For over 10 years PBI has accompanied Berenice Celeyta; human rights defender, active leader and tireless spokeswoman for the social movement in both Cali and nationally.
Two years ago we began a pre-accompaniment process with the Association for Social Research and Action (Nomadesc), of which Berenice is President, culminating in the signing of a formal accompaniment agreement. For a year now we have also been accompanying the Inter-Church Justice and Peace Commission’s missionary team in the Valle del Cauca. These accompaniments, amongst other factors, led to our decision to open an office in Cali.
Cauca and Valle del Cauca extend from the Pacific to the Andes mountain range, a region that has seen “its fair share of the recent armed confrontation” according to the Consultancy for Human Rights and Displacement (Codhes).
I joined the Medellin team in June 2010, back when the idea of undertaking a more in-depth exploration of south-west Colombia was taking root. From meetings and accompaniments in the zone, from one decision to another, step-by-step we deepened our analysis and in March 2011, finally opened an office in Cali. From the terrace of our new house, I can see the surrounding Cali Mountains as I reflect on the road and work that brought to where we are today.
I remember the heat from our first visits to Cali, days filled getting to know its neighbourhoods, visiting apartments, analysing security conditions of potential lodgings. I remember my first supper at home with Dan, another volunteer from my team, at the beginning of what was known as the period of “rotation”. For a year we were always coming and going between Medellin and Cali, ensuring that there were at least two people in the south at all times, but never the same pair. We would leave with messages from our teammates staying in Medellin – “Safe journey Alice! See you in three weeks! Say hi to everyone! – before returning to find a slightly changed team, as a result of the rotation and the events that had taken place during our absence. And then it would be; “Hi Alice!! Back already? Time flies! How did it go? Did you manage to sleep on the bus?” And ah, the bus, that nine hour long bus ride.. We were never quite able to reach agreement regarding which company went the fastest, or showed the least awful films, had the most comfortable seats or most legroom for us volunteers who tend exceed the average size of the local population by a good margin.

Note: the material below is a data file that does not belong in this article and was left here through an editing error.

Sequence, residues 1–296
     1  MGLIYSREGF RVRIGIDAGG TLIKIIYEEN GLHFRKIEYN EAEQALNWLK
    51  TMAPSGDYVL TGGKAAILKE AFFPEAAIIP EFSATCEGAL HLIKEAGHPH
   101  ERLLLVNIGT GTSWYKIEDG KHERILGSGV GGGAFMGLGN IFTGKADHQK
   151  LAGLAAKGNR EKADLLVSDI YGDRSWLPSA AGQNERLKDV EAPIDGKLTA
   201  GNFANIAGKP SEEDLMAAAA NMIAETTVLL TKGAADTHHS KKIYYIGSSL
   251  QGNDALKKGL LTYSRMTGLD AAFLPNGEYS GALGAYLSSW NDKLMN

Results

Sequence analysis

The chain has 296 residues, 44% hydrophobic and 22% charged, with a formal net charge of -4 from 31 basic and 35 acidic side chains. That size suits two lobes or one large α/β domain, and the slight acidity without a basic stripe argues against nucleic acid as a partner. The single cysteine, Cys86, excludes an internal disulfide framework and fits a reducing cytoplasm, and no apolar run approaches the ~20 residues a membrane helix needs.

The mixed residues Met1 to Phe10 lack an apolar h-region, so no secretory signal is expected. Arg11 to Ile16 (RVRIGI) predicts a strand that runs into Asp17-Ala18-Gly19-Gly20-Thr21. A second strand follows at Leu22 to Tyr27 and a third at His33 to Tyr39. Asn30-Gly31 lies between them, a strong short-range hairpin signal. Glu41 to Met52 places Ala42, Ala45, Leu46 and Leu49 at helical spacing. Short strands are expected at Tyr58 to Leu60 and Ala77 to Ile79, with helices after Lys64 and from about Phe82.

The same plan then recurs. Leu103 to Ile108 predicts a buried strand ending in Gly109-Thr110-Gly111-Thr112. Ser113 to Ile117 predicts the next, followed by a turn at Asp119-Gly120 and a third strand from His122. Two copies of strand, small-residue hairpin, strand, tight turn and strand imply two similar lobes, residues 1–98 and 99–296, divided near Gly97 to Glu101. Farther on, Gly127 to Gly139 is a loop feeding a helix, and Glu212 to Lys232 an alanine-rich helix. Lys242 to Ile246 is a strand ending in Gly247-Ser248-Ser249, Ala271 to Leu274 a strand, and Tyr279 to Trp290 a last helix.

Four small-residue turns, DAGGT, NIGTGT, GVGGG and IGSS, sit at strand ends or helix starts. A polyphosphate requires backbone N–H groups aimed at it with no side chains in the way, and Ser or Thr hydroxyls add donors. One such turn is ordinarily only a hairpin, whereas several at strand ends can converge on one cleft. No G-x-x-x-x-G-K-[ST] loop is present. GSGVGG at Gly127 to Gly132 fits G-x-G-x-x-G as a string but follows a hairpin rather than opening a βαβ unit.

And so here we are. From the heights of northern Cauca we can observe the beauty of the La Salvajina reservoir, built in the seventies, but which has affected so many Afro-descendent, indigenous and small farmer communities from the region. From the heat of the Valle forest, as we digest our third meal of rice, fish and “papa china” (Eddoe) of the day, we watch the Calima river. Its banks have witnessed crimes that terrorized entire populations, forcing them to flee to the marginalized neighbourhoods of the unsuitably named portal town of Buenaventura or “good fortune”. The forests attract those wanting to cut them down, the rivers those wishing to divert them or build barrages to produce electricity, while the mountains attract those wanting rip them open, to dig out the silver, coal or gold hidden inside. The fiscal and contractual benefits of the tax-free areas established by the government attract all. These territories, so rich in natural resources attract many, who are later forcefully expelled.
I will carry with me three images from this unforgettable experience. The eastern mountains of Medellin at six in the evening, a time when the red light of the sun blended with the green of the woods; the pitch black slopes surrounding the La Salvajina reservoir, not a single household light in sight, illuminated by the pale glow of the moon; and the snow capped Nevado del Huila, which for a couple of hours magically emerged from the sea of clouds which had surrounded if for seven years. Its beauty made us stop the bus in which we were traveling that November afternoon, along with fifty other people, on our return from a commemoration event for a massacre which had taken place on the road to Buenaventura.